Racism and Discrimination
It’s become clear to me that white dominant spaces had made me feel lesser than, called me exotic, looked at me like I had 20 heads if I spoke in Spanish, and used me for quotas. As an actor, being handed a scene or role that was “culturally specific” meant a scene where one of us was young and pregnant, a maid, or a gang member.
Sticking out meant opening myself to vulnerability, danger, and exhaustion. At the end of the day one can detach themselves from their work, but from being [email protected] or their bilingual, multicultural reality? Nope. You can’t shut that down after 5:00 p.m.
The Power of Specificity
It was during my master’s program in arts administration at Drexel University that my professors really pushed me to unapologetically embrace this journey. I let go of my biases and was specific about my artistry and interests in the context of bilingual, bicultural arts programming and education. Suddenly everything changed. I found that I actually felt no shame, that there was a community that craved and needed the specificity of this work, and that I was finally ready to embrace this part of my story.
What ultimately was born as ¡Looking Bilingüe! took two more years to cook up, but my journey to get there as well as the state of the world was necessary to see what needed to be done. The murder of George Floyd, the arts and culture sector beginning (hopefully?) to face its racist roots, stay-at-home conditions, wondering when we were going to share public spaces and experiences together safely again…all this made space for listening and specificity. Though there was a lot of noise, there was also opportunity.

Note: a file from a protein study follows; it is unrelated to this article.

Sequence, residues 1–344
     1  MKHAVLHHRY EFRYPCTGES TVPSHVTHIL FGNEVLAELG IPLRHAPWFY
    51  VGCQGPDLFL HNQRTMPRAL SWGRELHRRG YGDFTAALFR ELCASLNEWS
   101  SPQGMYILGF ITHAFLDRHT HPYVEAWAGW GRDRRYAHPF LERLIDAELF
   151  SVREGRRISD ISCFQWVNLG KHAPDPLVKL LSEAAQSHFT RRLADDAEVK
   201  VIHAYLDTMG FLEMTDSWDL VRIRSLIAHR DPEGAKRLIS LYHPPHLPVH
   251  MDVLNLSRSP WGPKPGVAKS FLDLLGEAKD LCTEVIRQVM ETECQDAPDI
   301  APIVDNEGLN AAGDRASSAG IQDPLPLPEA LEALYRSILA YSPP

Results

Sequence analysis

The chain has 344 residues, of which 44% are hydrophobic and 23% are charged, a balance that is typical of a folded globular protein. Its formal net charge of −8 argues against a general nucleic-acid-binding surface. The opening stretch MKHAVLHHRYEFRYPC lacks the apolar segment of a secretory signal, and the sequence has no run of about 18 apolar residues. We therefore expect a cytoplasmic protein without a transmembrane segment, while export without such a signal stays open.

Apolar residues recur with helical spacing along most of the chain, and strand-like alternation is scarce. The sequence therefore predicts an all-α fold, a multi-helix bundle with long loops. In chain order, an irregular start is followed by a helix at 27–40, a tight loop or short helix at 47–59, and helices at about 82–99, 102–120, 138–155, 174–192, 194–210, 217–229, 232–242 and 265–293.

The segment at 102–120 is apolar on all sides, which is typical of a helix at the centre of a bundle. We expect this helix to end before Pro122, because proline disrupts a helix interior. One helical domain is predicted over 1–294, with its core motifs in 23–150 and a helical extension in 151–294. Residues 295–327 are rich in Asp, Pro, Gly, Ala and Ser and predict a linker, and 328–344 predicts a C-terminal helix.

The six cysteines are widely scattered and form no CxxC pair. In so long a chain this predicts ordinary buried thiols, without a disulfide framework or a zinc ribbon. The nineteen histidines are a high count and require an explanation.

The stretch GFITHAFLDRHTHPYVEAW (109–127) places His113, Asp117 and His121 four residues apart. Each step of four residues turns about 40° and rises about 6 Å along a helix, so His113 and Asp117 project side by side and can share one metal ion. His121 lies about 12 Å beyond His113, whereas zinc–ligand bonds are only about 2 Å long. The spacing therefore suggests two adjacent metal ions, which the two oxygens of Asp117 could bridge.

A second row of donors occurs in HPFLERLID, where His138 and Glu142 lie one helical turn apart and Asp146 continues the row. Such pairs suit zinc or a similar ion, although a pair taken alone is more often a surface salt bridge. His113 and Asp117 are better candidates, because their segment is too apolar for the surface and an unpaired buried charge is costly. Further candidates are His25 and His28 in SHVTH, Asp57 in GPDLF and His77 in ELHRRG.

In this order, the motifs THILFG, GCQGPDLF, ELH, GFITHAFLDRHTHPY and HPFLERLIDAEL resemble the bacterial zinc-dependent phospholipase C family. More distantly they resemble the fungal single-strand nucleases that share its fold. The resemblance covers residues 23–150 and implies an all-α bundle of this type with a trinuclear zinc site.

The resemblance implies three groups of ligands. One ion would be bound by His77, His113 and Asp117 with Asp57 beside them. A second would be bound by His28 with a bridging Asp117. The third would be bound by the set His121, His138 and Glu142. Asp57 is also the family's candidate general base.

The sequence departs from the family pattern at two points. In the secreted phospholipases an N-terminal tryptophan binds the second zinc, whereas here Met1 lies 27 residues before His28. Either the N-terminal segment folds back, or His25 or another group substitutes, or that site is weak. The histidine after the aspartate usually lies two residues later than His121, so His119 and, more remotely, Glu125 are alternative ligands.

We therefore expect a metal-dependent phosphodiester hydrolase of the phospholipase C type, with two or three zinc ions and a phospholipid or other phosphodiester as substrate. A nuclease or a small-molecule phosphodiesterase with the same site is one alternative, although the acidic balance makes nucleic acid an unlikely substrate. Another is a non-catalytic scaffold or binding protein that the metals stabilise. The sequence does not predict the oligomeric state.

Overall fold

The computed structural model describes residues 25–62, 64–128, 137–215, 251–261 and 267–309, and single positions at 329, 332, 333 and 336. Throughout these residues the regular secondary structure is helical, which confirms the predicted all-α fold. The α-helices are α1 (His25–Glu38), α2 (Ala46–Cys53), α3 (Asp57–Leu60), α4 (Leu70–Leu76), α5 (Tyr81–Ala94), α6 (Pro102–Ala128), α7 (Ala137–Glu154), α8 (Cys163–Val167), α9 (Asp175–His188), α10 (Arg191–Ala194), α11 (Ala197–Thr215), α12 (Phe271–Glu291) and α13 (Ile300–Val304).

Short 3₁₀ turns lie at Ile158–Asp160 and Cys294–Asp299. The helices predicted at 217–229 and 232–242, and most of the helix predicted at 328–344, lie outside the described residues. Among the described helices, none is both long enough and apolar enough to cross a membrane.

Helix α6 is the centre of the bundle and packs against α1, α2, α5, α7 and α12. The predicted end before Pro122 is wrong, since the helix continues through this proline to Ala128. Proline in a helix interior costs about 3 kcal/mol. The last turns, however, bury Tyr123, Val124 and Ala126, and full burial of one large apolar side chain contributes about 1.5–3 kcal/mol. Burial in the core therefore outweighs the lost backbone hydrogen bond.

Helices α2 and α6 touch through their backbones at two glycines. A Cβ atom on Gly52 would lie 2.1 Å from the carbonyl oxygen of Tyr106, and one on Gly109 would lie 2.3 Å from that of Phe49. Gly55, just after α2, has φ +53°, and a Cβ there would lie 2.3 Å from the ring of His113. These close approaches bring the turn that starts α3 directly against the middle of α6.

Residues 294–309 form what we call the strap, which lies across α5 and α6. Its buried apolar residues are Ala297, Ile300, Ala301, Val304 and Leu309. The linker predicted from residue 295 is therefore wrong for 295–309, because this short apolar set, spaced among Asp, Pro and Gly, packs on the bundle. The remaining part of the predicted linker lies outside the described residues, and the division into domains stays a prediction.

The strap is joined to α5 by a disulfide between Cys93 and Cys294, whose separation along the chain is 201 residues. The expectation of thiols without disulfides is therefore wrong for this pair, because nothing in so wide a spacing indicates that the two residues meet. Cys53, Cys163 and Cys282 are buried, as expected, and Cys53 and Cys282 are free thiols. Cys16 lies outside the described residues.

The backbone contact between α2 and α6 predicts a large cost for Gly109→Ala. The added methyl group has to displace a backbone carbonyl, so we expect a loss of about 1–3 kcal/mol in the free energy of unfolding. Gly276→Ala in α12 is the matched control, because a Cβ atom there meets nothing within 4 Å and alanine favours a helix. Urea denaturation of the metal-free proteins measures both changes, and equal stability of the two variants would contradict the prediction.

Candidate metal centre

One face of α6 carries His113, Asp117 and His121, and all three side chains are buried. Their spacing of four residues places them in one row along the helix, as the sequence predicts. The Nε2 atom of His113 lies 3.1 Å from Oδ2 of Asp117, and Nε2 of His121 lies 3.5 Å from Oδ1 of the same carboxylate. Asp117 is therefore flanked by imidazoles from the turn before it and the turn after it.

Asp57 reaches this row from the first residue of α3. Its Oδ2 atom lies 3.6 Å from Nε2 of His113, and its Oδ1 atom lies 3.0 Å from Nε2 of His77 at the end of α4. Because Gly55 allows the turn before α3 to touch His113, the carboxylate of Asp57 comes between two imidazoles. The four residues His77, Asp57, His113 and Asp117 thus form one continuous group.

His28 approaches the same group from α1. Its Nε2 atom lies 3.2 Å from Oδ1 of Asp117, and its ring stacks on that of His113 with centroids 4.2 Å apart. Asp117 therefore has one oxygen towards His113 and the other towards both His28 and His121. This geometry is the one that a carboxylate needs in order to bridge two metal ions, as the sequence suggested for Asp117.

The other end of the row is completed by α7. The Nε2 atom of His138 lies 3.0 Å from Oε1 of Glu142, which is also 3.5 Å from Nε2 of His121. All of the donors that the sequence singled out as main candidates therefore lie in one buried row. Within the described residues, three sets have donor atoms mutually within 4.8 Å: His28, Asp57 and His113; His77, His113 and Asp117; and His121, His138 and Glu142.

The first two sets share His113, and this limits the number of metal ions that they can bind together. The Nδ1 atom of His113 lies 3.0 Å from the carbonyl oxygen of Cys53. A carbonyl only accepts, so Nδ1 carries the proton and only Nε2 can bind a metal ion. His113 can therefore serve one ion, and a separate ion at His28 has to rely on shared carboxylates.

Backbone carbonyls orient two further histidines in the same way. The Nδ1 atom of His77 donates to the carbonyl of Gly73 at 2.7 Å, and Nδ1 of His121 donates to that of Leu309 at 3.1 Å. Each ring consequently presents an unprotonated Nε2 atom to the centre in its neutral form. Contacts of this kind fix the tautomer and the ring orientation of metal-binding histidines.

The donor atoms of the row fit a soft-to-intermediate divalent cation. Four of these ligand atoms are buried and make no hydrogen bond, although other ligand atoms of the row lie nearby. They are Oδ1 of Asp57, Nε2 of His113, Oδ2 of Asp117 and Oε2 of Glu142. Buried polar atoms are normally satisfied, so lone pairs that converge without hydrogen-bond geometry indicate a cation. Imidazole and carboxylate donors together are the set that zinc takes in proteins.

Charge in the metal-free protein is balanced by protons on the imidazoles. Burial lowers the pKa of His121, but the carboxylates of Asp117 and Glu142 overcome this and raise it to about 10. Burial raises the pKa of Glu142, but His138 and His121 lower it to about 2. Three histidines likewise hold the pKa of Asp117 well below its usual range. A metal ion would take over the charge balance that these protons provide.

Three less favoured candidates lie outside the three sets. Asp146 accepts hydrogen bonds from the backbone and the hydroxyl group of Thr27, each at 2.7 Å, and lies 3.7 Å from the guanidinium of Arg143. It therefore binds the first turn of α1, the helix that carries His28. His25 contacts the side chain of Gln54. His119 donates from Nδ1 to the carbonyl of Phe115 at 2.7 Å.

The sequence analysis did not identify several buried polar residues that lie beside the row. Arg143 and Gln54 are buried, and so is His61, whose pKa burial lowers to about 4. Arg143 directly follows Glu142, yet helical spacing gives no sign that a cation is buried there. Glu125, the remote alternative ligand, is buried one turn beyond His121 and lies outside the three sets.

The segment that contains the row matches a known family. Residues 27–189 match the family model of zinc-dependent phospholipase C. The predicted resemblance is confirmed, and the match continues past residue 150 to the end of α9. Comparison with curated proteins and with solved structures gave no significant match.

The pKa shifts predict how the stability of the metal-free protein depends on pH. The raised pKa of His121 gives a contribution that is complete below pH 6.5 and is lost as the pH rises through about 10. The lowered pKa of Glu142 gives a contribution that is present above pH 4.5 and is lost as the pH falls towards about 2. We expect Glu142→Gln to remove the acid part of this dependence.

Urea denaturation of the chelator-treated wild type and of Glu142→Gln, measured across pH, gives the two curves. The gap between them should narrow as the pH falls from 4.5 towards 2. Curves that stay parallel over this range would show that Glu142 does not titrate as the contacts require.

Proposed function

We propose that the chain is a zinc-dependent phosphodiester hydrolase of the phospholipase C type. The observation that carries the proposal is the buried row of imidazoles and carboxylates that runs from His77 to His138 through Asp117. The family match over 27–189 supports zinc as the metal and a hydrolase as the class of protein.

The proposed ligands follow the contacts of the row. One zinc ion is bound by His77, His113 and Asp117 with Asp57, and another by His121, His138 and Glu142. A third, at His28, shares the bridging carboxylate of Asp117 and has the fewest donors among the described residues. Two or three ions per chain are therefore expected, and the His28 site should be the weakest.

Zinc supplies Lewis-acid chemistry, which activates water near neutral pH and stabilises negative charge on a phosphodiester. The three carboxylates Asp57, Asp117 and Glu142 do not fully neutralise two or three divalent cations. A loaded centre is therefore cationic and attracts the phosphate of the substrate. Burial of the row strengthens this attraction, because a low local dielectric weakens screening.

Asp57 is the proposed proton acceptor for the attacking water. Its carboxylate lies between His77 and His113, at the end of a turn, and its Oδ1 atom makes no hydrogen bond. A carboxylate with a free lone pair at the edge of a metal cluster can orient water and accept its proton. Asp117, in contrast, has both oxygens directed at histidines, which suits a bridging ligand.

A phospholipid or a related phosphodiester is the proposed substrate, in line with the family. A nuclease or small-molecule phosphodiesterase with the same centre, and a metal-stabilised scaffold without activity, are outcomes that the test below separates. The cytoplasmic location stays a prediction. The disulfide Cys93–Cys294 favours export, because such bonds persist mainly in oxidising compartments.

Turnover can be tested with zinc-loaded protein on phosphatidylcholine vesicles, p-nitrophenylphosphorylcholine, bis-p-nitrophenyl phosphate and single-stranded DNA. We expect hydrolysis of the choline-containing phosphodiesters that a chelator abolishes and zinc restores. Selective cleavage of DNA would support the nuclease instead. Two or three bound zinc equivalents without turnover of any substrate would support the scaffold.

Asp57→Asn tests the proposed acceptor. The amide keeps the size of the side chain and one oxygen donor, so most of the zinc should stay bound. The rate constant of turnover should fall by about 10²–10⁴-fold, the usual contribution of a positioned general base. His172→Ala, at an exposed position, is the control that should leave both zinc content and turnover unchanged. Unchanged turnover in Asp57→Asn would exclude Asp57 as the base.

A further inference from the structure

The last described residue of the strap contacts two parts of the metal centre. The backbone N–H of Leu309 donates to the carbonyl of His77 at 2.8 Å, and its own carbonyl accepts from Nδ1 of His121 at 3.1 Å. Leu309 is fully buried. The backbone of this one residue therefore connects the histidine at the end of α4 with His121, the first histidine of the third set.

The Power of Storytelling For All
If you’ve ever found yourself chomping at the bit to tell someone a story or were thrilled to be listening to one, that is just a taste of the power of storytelling: a way to share or even commune with people around you as a way of connecting and understanding. After we tell or hear a story, we can feel closer to those around us—or perhaps even farther (though that may not necessarily be a bad thing). Imagine the impact of that story sharing when you share a cultural understanding with each other!
After every interview I’ve done with ¡Looking Bilingüe!, my guests and I both express a feeling of catharsis. The act of sharing something only we Latinés that were raised here understand, helps us feel heard. We’ve unlocked another layer of our story and it’s meaningful.
By sharing our stories, we reclaim our space in society and invite other Latinés and potentially other first through third generations of Americans to find the commonalities in our experiences and also to tell their story. As artists and makers, there are endless ways to share a story and our culture(s) are a part of that. The joy of the journey has been finding a way to tell mine. How do you tell yours?